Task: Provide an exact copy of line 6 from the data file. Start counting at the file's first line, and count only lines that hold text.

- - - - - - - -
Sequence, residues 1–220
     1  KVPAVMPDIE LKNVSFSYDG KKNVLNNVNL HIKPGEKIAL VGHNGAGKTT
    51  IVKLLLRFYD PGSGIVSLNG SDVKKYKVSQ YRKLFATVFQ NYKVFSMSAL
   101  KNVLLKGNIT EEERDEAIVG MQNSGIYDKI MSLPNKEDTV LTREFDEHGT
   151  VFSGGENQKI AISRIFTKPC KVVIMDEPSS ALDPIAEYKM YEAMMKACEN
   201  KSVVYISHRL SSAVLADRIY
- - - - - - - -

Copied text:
   201  KSVVYISHRL SSAVLADRIY